Robotics increasingly integral to Industry 4.0 success

16th January 2018
Anna Flockett

Instead of me facing you with another rhetorical question about, what technology we will see in 2018, or how digitalisation is all anyone wants to talk about, let me tell you about what I learnt from semiconductor company Infineon. The big focus for the company here is robotics, and more importantly; how does robotics translate into business opportunities? Well first of all the question is not necessarily how, but why? Infineon is a company that has four types of lead applications so why is robotics such an important focus?

Dr Clemens Müller, Director Business Development in Robotics believes the robotics sector is extremely interesting and relevant because they have an increasing presence in day-to-day life. There are only around ten manufacturers in the world that primarily work with robots, and as robots become more like everyday domestic and factory helpers, we need this to increase.

Infineon sees itself as a major player in the deployment of Industry 4.0 technology already, and industrial robot technology is intensively used for chip production within the company. Infineon currently use over 170 mobile robots on the fab floors in Dresden, plus a number of other robots behind fences. However the company want to increase this.

But back to robots and business, the industry of robotics has the fastest growing products with collaborative robots predicted to grow by 23.3% between 2015 and 2020. The expected growth worldwide will see the install base grow by 12% to around 2.6 units between 2016 and 2019. Finally the market size was $9.8bn as a global market back in 2015, and that number is only going to grow.

Basically there are robots everywhere, we started with the traditional industrial robots, which we saw grow to become innovative collaborative robots and now there is an uncounted number of robotic concept prototypes out there, which again is only going to increase with time. And who knows, eventually we may have robots roaming around which currently we cannot even imagine.

Dr Müller, however did assure me when I raised the common issue ‘what about the people that these jobs belong to?’ It won’t be a takeover he claimed, just more of a change. Yes there will be less humans needed, but these humans will just need to change jobs, these new robots will create other jobs, and people will soon start to become qualified in a different way.

Infineon believes itself to be its own automation expert and therefore can identify the trends in industry. It believes the trends in robotics are growing as robots are easy to use, flexible in handling and sensitive to working environments and learning on tasks.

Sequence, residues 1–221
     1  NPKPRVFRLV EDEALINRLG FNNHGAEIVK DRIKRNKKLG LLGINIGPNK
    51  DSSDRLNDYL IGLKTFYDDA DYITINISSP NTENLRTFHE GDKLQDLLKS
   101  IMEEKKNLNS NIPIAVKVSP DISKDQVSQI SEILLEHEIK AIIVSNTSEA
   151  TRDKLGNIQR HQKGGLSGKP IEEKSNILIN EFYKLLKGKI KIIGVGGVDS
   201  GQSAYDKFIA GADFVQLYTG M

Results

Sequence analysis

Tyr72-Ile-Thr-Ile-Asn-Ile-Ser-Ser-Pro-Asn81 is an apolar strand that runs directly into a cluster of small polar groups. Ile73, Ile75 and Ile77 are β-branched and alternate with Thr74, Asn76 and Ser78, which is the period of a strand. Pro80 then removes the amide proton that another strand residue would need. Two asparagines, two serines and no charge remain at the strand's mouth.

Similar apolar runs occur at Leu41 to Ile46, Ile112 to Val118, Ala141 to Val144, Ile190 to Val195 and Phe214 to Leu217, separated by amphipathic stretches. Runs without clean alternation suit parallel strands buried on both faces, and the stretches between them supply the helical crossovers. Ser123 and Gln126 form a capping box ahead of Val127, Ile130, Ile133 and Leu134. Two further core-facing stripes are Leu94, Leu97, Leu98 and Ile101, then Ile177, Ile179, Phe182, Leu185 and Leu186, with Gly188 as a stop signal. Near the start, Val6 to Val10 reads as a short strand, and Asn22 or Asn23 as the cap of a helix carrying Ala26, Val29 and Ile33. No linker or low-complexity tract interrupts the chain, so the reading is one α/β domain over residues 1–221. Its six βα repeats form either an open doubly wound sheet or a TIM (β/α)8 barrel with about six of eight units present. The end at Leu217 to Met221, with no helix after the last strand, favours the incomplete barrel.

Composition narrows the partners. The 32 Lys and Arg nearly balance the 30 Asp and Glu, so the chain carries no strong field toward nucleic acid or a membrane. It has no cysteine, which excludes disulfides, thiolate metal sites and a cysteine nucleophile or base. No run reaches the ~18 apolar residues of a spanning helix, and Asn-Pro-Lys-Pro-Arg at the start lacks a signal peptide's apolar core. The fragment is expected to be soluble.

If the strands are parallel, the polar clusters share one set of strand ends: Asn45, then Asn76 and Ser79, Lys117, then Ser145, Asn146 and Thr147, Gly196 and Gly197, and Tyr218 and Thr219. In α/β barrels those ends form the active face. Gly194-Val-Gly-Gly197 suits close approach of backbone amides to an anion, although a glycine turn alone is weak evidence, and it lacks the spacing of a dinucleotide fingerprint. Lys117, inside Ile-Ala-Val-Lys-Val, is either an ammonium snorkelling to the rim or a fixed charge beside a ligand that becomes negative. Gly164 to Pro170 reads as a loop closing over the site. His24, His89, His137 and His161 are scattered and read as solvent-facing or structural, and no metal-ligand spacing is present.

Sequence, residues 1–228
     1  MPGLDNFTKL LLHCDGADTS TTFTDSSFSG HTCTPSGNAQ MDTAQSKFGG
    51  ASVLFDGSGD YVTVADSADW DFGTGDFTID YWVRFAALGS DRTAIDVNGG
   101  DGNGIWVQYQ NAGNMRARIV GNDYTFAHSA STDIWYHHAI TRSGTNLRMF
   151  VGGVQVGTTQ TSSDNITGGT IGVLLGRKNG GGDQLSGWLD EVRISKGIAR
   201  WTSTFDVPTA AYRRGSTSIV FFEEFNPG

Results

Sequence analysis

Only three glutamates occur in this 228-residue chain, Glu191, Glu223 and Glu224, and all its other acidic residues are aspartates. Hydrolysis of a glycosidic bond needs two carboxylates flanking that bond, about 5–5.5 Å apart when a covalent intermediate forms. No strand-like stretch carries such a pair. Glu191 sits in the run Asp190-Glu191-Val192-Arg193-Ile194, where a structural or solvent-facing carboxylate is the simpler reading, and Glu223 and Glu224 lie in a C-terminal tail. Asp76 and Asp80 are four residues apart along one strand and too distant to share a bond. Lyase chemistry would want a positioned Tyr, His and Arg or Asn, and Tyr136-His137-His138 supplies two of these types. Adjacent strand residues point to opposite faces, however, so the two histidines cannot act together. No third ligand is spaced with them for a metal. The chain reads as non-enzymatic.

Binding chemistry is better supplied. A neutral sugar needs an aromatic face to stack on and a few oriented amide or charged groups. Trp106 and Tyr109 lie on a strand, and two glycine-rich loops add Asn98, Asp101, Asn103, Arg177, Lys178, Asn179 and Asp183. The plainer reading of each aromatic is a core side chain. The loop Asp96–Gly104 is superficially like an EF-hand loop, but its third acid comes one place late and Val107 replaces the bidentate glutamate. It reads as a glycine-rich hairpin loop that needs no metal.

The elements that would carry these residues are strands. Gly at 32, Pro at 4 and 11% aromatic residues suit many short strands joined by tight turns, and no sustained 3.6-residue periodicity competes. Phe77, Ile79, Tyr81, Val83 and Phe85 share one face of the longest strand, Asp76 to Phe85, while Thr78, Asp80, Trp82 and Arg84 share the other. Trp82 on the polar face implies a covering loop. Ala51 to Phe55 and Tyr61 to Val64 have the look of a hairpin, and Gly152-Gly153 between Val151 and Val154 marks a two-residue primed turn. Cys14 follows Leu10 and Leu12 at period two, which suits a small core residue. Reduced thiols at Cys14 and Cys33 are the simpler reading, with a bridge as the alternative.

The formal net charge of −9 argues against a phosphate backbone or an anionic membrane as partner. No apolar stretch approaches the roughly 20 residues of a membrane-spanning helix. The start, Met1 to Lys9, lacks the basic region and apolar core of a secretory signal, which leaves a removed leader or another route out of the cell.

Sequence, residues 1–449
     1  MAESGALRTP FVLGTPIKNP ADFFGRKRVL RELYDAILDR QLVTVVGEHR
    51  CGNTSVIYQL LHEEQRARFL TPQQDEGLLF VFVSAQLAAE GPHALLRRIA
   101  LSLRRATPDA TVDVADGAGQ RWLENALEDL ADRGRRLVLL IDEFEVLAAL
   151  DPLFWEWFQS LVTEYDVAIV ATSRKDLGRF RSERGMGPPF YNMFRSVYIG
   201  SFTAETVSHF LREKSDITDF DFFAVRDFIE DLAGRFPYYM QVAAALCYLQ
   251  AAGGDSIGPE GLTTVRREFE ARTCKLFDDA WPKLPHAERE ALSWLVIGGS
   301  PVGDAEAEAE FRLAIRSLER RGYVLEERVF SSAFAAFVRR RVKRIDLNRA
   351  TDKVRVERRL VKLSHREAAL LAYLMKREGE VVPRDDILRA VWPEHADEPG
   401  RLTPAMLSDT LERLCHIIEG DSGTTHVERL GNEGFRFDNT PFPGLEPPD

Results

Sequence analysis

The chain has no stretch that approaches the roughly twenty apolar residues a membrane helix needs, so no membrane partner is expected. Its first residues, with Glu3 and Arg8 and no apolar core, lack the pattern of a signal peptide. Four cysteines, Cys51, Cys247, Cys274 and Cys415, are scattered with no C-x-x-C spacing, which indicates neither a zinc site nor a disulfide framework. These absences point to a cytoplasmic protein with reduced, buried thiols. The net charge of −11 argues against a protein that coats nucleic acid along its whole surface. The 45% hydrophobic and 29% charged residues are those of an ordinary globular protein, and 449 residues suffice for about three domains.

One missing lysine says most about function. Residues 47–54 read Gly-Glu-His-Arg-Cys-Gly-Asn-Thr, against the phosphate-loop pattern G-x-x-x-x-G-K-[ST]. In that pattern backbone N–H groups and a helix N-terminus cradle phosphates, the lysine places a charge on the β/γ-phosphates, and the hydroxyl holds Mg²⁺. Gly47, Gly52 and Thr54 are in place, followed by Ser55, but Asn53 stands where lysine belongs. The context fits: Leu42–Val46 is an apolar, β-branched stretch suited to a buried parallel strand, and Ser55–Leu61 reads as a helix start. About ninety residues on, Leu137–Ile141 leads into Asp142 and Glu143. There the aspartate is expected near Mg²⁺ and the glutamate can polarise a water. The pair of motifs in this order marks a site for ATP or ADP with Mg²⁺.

Let’s look at an Infineon robot in further detail, as the company has its own portfolio.

Infineon’s range includes ready-to-use products for addressing robotic application trends:

  • Virtual safety fences with ToF and RADAR scanners
  • Safe motion control
  • Advanced position, force and material object sensing
  • Efficient and compact power supplies and chargers
  • Secured calibration, logging and authentication
  • Efficient and compact servo motor drive

As safety is an issue raised by a lot of people, robots have become increasingly popular in the industry. Infineon has addressed this by including safe human/robot or robot/robot collaborations within virtual fences with RADAR or ToF sensors, as it is one of the few vendors in the world to offer safe micro-controllers, hidden behind fences for safety reasons.

  • Highly accurate object detection
  • Highest safety by combining redundant scanning methods
  • Optional motion direction detection
  • Less zone violation artefacts
  • Simplified trajectory planning and programming for the multi-robot systems

As you can see above Infineon works with a zone system, where the different zones all hold different warning levels. They are smart with safety and scanning, with any moving object detected and identified. By using scanners in the safety system it is cost effective and includes advanced scanning algorithms such as cameras, and are not subject to damage.

Infineon’s secure robot operation/authentication and IP protection benefits include:

  • Cryptographic measures to ensure that machine is only doing what it is supposed to, and what it has been told to.